Russia has lost an empire and not yet found a role. Only the Russians themselves can decide what that should be, and it will take some time. The new Russia will certainly not arrive this May 9, when Vladimir Putin’s Kremlin celebrates the 70th anniversary of the end of the Great Patriotic War. It may not emerge till May 9, 2025, or even 2045, but we should never abandon hope for that other Russia, and we must keep faith with those Russians who are working for it.
The phrase, “lost an empire and not yet found a role”, was first applied to Britain, by a former United States secretary of state. The British know as well as anyone how initially uncomfortable it is to lose an empire, and how difficult to find a new role. Some would say Britain has still not got there. And, by the way, the fate of the original, heartland empire, the one that forged the four nations of these islands – England, Wales, Scotland and (now only a small part of) Ireland – into a supposedly United Kingdom, is still unresolved. That is a major theme in Britain’s general election. Yet, at least, these internally complicated islands were surrounded by water, so that most of the British empire was “overseas”.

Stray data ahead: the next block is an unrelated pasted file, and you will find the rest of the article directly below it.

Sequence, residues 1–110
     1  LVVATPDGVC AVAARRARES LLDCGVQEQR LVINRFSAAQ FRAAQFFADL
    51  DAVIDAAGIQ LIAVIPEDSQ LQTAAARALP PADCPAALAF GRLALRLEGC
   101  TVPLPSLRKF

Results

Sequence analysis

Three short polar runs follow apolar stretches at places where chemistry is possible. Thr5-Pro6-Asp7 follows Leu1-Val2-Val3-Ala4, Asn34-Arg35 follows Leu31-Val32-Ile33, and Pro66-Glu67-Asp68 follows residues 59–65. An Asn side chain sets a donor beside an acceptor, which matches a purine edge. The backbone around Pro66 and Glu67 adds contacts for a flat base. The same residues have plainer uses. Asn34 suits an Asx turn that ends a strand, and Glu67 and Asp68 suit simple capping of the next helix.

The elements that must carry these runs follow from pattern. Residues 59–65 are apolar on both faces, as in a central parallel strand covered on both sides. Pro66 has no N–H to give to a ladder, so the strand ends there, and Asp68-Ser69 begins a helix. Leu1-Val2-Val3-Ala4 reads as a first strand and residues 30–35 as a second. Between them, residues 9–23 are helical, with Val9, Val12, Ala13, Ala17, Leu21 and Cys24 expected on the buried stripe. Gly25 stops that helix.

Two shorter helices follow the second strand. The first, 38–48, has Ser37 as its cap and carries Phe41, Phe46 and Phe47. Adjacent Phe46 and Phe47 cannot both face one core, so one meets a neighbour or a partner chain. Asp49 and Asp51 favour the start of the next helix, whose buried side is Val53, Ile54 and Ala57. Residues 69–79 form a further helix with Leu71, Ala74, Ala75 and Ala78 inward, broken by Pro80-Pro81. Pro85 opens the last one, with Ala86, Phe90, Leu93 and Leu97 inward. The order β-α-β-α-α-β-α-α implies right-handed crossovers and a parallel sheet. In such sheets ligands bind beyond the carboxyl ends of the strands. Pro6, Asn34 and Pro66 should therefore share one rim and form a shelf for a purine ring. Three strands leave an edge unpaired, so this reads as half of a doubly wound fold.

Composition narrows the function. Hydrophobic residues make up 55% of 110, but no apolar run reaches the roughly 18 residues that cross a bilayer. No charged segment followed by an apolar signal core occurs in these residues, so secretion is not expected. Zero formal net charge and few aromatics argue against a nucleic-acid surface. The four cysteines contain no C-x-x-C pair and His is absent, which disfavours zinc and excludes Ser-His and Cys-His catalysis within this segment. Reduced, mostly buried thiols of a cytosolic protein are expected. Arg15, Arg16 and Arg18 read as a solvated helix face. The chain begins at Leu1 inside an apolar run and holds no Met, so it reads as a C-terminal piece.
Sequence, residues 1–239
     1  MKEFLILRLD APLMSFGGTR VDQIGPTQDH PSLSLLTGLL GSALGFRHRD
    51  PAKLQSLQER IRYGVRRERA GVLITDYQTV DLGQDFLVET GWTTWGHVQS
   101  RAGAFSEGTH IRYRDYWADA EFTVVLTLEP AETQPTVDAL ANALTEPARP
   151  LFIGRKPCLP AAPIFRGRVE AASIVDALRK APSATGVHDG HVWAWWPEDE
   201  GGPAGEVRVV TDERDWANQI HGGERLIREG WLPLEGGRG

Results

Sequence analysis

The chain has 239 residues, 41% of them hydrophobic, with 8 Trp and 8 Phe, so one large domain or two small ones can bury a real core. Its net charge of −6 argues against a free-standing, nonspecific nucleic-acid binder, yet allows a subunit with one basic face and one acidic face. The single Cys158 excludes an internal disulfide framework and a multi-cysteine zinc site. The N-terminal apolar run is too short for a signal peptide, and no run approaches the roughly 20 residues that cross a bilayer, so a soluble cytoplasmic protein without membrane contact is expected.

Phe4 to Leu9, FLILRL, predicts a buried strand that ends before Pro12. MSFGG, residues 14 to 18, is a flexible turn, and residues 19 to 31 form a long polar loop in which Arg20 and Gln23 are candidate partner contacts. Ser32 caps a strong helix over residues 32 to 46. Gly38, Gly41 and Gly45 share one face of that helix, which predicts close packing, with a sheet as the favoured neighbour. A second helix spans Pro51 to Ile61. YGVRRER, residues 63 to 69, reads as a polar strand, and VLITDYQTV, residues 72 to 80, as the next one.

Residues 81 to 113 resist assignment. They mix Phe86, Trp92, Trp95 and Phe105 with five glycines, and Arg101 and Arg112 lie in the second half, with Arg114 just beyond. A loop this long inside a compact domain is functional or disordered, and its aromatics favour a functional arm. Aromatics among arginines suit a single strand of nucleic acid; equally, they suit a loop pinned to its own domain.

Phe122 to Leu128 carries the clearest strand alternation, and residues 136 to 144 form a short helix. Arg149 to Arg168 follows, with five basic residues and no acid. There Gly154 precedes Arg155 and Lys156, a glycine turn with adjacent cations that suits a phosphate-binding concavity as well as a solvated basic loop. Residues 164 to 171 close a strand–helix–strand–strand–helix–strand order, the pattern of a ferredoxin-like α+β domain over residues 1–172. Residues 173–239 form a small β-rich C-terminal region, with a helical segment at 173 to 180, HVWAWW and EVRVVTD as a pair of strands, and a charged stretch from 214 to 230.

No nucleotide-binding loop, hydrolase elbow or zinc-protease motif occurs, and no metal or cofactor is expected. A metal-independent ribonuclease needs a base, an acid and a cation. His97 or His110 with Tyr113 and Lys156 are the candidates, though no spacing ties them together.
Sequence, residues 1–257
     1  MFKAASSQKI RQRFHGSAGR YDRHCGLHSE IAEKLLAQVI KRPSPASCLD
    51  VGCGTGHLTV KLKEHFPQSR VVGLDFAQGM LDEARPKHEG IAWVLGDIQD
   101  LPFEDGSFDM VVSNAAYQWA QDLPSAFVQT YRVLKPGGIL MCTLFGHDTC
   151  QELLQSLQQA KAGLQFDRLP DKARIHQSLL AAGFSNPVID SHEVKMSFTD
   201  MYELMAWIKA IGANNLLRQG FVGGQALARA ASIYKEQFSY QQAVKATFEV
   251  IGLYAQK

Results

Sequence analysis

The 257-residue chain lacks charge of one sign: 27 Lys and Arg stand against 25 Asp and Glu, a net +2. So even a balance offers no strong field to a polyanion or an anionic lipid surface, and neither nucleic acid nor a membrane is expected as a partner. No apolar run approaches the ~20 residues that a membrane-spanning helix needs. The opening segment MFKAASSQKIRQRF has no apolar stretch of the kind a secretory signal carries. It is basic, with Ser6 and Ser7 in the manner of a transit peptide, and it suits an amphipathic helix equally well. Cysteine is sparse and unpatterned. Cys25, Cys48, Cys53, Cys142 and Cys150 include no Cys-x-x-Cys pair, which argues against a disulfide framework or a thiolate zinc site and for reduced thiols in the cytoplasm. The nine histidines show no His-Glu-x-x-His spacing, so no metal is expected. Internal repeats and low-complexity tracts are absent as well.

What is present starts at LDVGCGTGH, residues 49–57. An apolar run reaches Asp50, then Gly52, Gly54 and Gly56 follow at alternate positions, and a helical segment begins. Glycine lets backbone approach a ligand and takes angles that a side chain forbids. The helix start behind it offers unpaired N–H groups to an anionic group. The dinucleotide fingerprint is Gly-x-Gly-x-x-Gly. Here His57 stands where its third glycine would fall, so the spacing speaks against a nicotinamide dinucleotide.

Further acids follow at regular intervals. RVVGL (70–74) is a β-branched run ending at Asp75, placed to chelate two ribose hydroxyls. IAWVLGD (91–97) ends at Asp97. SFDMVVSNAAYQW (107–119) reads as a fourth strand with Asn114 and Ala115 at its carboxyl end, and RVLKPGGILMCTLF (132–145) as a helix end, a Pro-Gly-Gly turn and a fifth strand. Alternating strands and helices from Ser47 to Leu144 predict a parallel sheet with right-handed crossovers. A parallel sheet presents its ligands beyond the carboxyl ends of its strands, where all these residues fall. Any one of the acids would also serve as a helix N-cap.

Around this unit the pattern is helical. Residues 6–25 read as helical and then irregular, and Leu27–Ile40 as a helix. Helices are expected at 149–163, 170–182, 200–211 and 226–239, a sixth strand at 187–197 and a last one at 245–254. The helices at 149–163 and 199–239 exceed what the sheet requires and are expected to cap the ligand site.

Russia’s, by contrast, has been a land empire, growing patch by patch over centuries. As the historian, Geoffrey Hosking, argues in his book, Russia: People and Empire, Russia’s historical problem is that it has never been able to distinguish clearly enough between the nation and the empire. In fact, “the building of an empire impeded the formation of a nation”.
Moreover, while the British empire was slowly dissolved across more than 20 years, the Russian-Soviet empire was dismantled in little more than two years, between 1989 and 1991 – one of history’s most spectacular vanishing acts which can repeat itself anytime on any other land mass again and again! Greedy empire rulers of nations like China, US, India, etc should learn and rethink, sooner the better.